Marisol Guzman has deferred college for a year to accomplish two things: She will write a novel and she will fall in love. How hard could that be? She gets her very own apartment (with her high-school best friend as roommate) and a waitressing job at a classic Harvard Square coffeehouse. When she enrolls in an adult education class - "How to Write Your First Novel" - there are two big surprises waiting for her: John Galardi, aka "Gio", a fellow zine writer who fell head over heels for her last spring (despite the fact that she's a lesbian) and her instructor, Olivia Frost, the most exquisitely beautiful woman she's ever seen.
But as Marisol ventures into what seems to be her storybook romance with Olivia, things start to go off track. Between the ups and downs of her new relationship, her strained friendship with Lee (a newly out lesbian who is crushing big-time on Marisol), and her roommate's new boyfriend (who is equally afraid of Marisol and their cat) moving in, Marisol starts losing sight of her goals. Is she too blinded by love to see the lies?
In this long-anticipated companion novel to the Printz Honor Book Hard Love, which critics called "A bittersweet tale of self-expression and the struggle to achieve self-love", Ellen Wittlinger offers a novel just as emotionally honest and deeply felt.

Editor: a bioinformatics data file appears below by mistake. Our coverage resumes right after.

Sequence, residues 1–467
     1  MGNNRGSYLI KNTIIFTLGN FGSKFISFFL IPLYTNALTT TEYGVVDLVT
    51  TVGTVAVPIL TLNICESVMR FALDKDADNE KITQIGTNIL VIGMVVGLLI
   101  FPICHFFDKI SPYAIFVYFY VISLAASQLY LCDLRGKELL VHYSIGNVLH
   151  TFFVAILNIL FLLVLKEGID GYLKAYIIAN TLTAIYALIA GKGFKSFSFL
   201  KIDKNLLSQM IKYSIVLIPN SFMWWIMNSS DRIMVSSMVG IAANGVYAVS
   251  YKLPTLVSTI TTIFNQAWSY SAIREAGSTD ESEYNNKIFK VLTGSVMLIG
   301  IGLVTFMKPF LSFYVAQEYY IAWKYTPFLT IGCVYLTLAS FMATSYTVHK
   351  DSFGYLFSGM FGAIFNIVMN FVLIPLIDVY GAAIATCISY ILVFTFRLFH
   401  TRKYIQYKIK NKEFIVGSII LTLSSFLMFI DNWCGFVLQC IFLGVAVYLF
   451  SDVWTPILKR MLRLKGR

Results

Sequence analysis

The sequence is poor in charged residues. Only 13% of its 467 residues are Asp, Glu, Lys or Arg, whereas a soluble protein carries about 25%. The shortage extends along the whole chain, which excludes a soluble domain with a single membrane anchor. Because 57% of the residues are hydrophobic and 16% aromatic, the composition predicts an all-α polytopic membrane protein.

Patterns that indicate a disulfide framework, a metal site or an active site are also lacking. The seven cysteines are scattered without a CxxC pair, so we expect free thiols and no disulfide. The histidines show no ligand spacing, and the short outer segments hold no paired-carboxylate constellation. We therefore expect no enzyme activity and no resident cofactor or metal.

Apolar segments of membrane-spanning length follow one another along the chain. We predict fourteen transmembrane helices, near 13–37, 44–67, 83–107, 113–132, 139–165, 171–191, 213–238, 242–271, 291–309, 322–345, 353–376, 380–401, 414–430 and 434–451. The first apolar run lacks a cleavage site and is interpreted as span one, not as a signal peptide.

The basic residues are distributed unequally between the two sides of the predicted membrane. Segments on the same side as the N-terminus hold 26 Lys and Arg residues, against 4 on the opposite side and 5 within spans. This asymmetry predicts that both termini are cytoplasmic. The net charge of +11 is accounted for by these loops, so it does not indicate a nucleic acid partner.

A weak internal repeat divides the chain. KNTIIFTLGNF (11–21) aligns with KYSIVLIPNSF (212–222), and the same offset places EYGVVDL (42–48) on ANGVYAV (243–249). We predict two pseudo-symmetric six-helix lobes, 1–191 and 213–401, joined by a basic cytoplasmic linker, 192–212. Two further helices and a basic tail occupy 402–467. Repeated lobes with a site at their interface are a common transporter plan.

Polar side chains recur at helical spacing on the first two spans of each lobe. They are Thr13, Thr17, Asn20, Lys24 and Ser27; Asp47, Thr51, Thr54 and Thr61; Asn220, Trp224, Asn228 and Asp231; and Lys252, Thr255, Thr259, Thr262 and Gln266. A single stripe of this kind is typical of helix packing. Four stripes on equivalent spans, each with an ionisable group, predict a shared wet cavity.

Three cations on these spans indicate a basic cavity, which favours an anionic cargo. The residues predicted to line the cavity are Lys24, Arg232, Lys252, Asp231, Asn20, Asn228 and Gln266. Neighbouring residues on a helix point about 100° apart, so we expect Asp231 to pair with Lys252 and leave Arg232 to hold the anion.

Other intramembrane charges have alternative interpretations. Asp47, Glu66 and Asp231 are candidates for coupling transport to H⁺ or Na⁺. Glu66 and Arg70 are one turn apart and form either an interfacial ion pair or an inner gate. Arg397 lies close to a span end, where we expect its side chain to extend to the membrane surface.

©2008 Ellen Wittlinger; (P)2009 Audible, Inc.
"[T]his solid entry into the small but growing canon of GLBTQ fiction for teens will engage readers." (Booklist)
The story itself isn't terrible, but it isn't great either. The main problem with this, is that the main character is eighteen years old, but the narrator is considerably older - and sounds it. It's pretty distracting.
"Love or Coming of Age"
Either way this an excellent piece of fiction for both the adult and YA markets. This is one of the few lesbian themed books that was able to overcome the romance genres worst cliches. Okay maybe I'm just guilty of totally over relating to Lee and Marisol. I'm a 19 year old out lesbian who is probably more similar to Lee than I'm totally comfortable with. My big sister Stacy reminds me a lot of Marisol; very strong, extremely confident, and seems to feel no trepidation even when she's encountering a person or situation where some fear might be warranted.
Then there's the character of Olivia who is an advanced version of the high school mean girl b***h that most of the girl's in her class are scared of. Being on the receiving end of attention from that girl created dread to the extreme and created nausea if you found yourself in one of her classes; especially when you were walking in the halls between classes. They always managed to find acolytes who lived to kiss their ...rings. Then way too often they would turn on these girls using information they'd gotten from them supposedly in confidence. Some of the minor characters in the books seemed to be kind of formulaic; particularly her roommate and her mother. The mother in particular is a little too over the top. Although Stacy's dad is sometimes kind of like that for us. Which reminds me if there are spelling or grammatical errors, blame him.
This is a really great listen; even for people who aren't 19 year old lesbians; give it a shot.
"Love is a funny thing isn't it?"
Marisol Guzman is a young woman taking a year off from Stanford in order to write a novel and to find love.